There could be several such sources for potential technicians if you are willing to get creative and step outside the box a little. From OEM training programs to universities that have automotive-specific degrees (including Northwood University). It’s no secret that many organizations and industries are struggling with recruiting talent, particularly those where the barriers of entry appear insurmountable for young people. Here are a couple of items that need to change to recruit more technicians:

• Remove the cost of tools. When I was in high school shop, we shared the tools. As students, we took pride in keeping our shop clean, tools at the ready, and organized so that we could be as efficient as possible. We need to teach these skills too.
• Offer competitive starting pay. Fast food retail outlets are pushing $25/hour offers to young kids. For those contemplating a career in automotive, give them a reason to start early without taking a financial hit.
• Recruit more young women. We’re missing out on half the potential candidates when we solely focus on their male counterparts.
• Recruit like a tech company. Tomorrow’s technicians are going to require computer and electronics skills too. Does your shop reflect professionalism and serve as a backdrop for future engineers?
• Map out a career path for new recruits. Illustrate the income path, what new skills they’ll learn along the way, and where they’ll receive additional support and training.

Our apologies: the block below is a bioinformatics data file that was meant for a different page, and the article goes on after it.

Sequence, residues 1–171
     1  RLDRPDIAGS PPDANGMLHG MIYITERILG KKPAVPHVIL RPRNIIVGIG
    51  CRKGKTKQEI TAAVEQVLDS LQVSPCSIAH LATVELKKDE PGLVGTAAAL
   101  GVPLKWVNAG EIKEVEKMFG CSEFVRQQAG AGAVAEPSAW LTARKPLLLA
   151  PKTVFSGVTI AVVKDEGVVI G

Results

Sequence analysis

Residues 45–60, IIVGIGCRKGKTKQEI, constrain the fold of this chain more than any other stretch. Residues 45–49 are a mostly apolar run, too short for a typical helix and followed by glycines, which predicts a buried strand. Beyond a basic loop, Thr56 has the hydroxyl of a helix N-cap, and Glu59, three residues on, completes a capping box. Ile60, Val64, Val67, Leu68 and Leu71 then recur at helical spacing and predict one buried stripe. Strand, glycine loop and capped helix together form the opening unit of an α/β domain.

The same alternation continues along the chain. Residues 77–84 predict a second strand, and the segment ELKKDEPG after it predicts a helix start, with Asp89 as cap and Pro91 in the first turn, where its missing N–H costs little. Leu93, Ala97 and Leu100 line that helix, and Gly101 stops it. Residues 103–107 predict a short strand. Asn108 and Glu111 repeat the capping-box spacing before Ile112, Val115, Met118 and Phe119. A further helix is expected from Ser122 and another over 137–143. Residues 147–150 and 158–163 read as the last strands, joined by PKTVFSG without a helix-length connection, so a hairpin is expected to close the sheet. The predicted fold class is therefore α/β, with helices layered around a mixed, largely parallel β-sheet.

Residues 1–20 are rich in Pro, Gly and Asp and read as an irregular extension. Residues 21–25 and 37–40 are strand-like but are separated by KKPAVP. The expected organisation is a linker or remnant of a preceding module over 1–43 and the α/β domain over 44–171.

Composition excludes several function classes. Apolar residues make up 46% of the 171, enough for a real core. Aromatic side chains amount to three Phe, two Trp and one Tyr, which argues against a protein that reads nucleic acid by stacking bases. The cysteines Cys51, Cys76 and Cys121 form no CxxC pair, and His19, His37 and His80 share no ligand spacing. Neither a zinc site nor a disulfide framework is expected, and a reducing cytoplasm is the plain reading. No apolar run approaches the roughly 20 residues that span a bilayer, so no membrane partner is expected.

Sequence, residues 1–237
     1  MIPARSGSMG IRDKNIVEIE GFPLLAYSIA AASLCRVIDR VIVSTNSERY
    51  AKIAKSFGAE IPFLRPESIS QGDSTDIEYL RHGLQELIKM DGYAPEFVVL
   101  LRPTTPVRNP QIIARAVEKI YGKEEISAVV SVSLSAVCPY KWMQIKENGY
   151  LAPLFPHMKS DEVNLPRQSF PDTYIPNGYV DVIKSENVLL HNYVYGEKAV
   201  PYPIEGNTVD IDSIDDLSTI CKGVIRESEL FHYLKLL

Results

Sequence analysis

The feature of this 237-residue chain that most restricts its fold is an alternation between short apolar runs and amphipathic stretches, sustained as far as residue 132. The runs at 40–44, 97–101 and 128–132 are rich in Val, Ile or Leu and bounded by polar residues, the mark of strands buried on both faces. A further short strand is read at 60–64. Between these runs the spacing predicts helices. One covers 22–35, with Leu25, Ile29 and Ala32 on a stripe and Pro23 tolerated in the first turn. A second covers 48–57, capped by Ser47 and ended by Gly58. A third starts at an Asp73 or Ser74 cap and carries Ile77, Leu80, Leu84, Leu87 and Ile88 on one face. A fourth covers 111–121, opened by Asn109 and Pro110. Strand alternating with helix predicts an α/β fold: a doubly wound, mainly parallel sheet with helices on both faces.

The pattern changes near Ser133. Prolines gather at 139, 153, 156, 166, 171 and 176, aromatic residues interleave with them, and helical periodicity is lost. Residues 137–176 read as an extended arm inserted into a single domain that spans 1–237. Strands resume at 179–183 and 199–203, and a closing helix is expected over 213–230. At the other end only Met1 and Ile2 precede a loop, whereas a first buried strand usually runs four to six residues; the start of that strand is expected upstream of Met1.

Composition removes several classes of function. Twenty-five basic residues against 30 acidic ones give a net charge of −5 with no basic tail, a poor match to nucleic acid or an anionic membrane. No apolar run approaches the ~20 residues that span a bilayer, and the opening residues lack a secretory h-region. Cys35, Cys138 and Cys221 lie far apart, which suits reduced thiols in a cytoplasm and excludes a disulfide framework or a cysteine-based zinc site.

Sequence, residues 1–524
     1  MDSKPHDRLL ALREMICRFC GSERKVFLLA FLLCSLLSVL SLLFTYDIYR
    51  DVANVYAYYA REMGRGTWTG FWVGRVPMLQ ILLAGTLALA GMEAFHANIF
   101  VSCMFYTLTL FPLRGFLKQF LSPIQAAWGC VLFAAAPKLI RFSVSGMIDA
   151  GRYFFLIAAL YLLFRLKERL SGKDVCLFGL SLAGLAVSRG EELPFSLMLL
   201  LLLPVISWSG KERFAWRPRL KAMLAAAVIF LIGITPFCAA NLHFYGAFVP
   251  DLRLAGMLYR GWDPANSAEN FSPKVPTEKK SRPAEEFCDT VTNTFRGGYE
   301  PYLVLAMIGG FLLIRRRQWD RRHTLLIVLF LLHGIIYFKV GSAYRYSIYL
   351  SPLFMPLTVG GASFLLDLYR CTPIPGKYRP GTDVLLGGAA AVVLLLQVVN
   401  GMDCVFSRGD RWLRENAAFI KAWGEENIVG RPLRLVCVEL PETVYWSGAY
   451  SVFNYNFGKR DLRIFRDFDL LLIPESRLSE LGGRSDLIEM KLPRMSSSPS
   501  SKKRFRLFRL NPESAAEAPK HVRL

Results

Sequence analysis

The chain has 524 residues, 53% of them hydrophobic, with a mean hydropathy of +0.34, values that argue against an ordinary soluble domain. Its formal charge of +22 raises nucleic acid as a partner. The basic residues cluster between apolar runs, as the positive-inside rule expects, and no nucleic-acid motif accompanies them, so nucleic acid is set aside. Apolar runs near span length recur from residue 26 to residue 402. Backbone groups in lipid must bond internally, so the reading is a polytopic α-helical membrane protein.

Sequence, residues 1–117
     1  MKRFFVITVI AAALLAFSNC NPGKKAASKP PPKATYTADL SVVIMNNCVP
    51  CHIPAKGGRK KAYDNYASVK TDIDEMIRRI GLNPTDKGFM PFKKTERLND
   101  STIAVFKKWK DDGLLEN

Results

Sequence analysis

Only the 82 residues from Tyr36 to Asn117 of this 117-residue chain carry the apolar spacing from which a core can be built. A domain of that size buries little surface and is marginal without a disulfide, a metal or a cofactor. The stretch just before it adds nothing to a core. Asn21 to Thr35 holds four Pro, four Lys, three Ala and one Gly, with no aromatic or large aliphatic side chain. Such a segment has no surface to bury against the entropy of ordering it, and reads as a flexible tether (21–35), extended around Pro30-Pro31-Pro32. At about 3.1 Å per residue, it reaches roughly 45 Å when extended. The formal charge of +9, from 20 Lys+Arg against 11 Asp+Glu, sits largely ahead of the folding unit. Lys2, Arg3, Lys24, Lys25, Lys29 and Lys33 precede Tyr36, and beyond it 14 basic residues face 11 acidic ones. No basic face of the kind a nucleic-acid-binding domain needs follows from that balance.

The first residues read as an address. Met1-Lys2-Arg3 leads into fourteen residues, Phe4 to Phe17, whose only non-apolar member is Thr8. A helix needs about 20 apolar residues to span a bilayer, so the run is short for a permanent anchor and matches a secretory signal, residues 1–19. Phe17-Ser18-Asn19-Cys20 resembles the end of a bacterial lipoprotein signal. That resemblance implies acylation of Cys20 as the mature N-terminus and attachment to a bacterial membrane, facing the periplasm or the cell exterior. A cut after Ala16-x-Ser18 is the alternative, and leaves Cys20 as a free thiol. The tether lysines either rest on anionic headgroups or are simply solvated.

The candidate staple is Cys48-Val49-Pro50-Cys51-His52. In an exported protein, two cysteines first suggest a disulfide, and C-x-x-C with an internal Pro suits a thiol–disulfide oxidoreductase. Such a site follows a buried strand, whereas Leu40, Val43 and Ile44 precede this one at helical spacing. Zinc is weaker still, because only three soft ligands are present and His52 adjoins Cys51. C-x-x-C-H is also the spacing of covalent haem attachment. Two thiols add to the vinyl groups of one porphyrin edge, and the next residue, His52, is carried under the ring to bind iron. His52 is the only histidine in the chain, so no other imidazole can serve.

• Create roles and tasks for new recruits, especially for those who are early achievers. It’s possible to place one of your rising stars in a mobile tech van to do nothing but swap out recalled airbags. Reward early and often.

In addition to posting a job description on Indeed, why not nurture interest in unexpected places and find individuals that may not yet have thought about becoming a technician, while it could be a great career path for them.

There are many opportunities to reach out to young people and share why becoming a technician is something they should consider. It just takes a little more creativity and thinking outside the box.

About the Author

Sean Reyes oversees all marketing efforts at Recall Masters as Chief Marketing Officer. Sean’s experience spans more than 25 years of business development and strategic marketing experience, having worked in the automotive, healthcare, finance, and technology industries to serve customers like American Express, Toshiba, Western Digital, Cox Communications, Gateway, Novartis, Microsoft, IBM, Compaq, HP, Confident Financial Solutions, MyCustomerData, Toyota of Orange, and Fletcher Jones Mercedes Benz. While he has an accomplished portfolio of design, production, and coding skills, his strength is in “go-to-market” business modeling and digital marketing strategies.

Author: Christine Corkran